Here it comes. Right on schedule. The inevitable industry analysis that says Tablets are the gadget of the future and that they will sell millions this year. That’s exactly what an article in the Guardian UK is saying as they report on a Deloitte analysis with a headline featuring the “sell in their millions” part. As a headline it doesn’t mean much, as analysis, it means even less.
Apparently you couldn’t walk through CES2010 without tripping over a Tablet of some kind (and I’m kinda, sorta including eBook readers in that.) Great. Lots of promise. Lots of hope. Lots of investment in getting prototypes to the desert for CES2010. The reality is we’ll be lucky to see a small percentage of those devices make it to market and an even smaller percentage of those that do have any chance of success. Product announcements don’t mean product, and there are only a few manufacturers who understand how to turn any device into a product that has enough appeal to really take hold. Anyone remember MIDs?
Sure, we’ll see some Tablets on the margin and some from big names, but most of the Tablet Tsunami we saw at CES2010 is a play or a hedge that folks will want to jump on whatever excitement and market Apple is going to try and create next week, and that their new Tablet will be cheaper. Only Lenovo really showed anything with any real innovation in the Ideapad U1, and I’m not even sure if that will have any legs. These Tablet manufacturers are banking on content producers wanting their content on any and all platforms and that’s a pretty good bet, but the follow through will be the real challenge. New Tablets will all have shiny and flashy front end UI’s that will lose their appeal after about a week or so, and users will quickly begin saying, “what’s next?” Here’s a prediction, sometime within the next six months we will see a headline that says Tablets To Finally Bring Linux to the Masses. That headline will be written a few weeks after more astute observers declare that Linux front ends and OS’s on Tablets are holding back Tablet sales.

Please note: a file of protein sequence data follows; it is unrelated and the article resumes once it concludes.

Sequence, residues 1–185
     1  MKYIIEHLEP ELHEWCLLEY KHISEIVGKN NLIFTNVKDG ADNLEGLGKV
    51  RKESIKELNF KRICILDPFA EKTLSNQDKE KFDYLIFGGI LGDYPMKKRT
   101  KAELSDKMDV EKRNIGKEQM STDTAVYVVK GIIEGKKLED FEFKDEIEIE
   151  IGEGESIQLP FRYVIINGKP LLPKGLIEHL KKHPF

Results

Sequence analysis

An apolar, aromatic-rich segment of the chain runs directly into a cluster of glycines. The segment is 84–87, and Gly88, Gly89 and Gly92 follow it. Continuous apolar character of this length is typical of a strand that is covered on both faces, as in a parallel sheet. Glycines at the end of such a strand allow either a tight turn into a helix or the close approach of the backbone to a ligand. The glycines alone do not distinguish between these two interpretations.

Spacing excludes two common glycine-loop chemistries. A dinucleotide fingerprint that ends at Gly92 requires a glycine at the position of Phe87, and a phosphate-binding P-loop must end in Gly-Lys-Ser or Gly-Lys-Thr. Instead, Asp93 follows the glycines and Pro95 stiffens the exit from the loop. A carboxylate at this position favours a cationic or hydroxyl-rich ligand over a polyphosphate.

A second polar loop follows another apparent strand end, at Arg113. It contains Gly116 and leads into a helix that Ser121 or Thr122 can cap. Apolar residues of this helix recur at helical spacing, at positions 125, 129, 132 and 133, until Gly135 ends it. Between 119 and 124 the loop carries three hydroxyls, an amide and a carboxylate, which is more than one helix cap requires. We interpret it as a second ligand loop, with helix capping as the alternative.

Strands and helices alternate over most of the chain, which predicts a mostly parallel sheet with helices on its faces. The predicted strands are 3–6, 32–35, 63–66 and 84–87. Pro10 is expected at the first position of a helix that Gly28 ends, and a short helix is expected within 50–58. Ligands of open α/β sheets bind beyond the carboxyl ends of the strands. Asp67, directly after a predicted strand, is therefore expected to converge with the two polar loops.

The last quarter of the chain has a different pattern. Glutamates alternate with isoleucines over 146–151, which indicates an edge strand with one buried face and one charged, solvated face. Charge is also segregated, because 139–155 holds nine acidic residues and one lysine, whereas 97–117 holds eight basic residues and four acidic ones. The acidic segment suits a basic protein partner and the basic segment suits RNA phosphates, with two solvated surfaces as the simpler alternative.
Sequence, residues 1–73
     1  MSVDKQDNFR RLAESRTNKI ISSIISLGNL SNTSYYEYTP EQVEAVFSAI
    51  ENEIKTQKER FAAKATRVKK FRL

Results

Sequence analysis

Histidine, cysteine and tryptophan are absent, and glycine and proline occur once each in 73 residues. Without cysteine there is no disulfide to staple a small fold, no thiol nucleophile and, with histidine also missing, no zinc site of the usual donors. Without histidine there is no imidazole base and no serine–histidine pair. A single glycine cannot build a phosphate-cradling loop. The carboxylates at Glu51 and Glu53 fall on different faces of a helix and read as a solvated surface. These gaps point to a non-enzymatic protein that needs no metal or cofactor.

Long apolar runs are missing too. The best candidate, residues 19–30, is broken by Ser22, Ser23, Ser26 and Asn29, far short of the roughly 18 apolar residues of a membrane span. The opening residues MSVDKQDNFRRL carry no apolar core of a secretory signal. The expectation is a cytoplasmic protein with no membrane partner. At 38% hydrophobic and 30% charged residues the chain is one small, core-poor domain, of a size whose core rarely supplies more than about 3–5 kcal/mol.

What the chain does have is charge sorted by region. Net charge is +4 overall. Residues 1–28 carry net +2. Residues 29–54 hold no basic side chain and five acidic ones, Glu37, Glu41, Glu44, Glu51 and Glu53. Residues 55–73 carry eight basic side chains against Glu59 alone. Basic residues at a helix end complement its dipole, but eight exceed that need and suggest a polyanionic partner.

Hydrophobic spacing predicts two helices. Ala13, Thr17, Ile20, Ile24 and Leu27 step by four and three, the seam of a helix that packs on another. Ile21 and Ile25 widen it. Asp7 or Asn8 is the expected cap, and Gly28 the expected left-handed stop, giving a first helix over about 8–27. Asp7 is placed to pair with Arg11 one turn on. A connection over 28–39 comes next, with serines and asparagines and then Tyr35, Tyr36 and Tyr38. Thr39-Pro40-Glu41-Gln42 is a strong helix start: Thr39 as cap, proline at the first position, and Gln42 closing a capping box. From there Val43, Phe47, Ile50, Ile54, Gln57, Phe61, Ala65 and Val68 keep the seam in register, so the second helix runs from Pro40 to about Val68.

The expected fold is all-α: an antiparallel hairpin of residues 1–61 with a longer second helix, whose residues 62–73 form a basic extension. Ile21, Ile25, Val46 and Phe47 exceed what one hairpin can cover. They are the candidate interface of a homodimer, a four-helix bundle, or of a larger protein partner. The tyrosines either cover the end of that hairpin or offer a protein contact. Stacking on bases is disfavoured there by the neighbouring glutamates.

The metaphor for Tablets that gets used often is that a Tablet is a window on to the world’s information. That’s all well and good, and decidedly passive. At its core it depends on others to create content that keeps your product relevant. The unfortunate part of that story is that the content producers are wrestling with their own demons and business models as they try to stay relevant themselves in ways that stifle rather than offer growth.
If Tablets are going to succeed the metaphor needs to shift. Tablets are more like a doorway than a window in my view. They can and should open up an entirely new world for consuming content and being creative. No one knows what Apple will do and say next week, or how well any of it will work. But I’m guessing Apple knows that Tablets are not just passive windows, but open doorways.
The bottom line is that Apple, without even making a formal announcement about a real product, has shifted the resources of countless manufacturers as they rush to develop Tablets. Apple, through its marketing mastery, has also created a set of expectations that they have to deliver on out of the gate. An entire industry is hoping they do so they can ride along on that Tablet tsunami. January 27th may indeed usher in an era where we see millions of Tablet sold. But I just wouldn’t take that bet, just yet.
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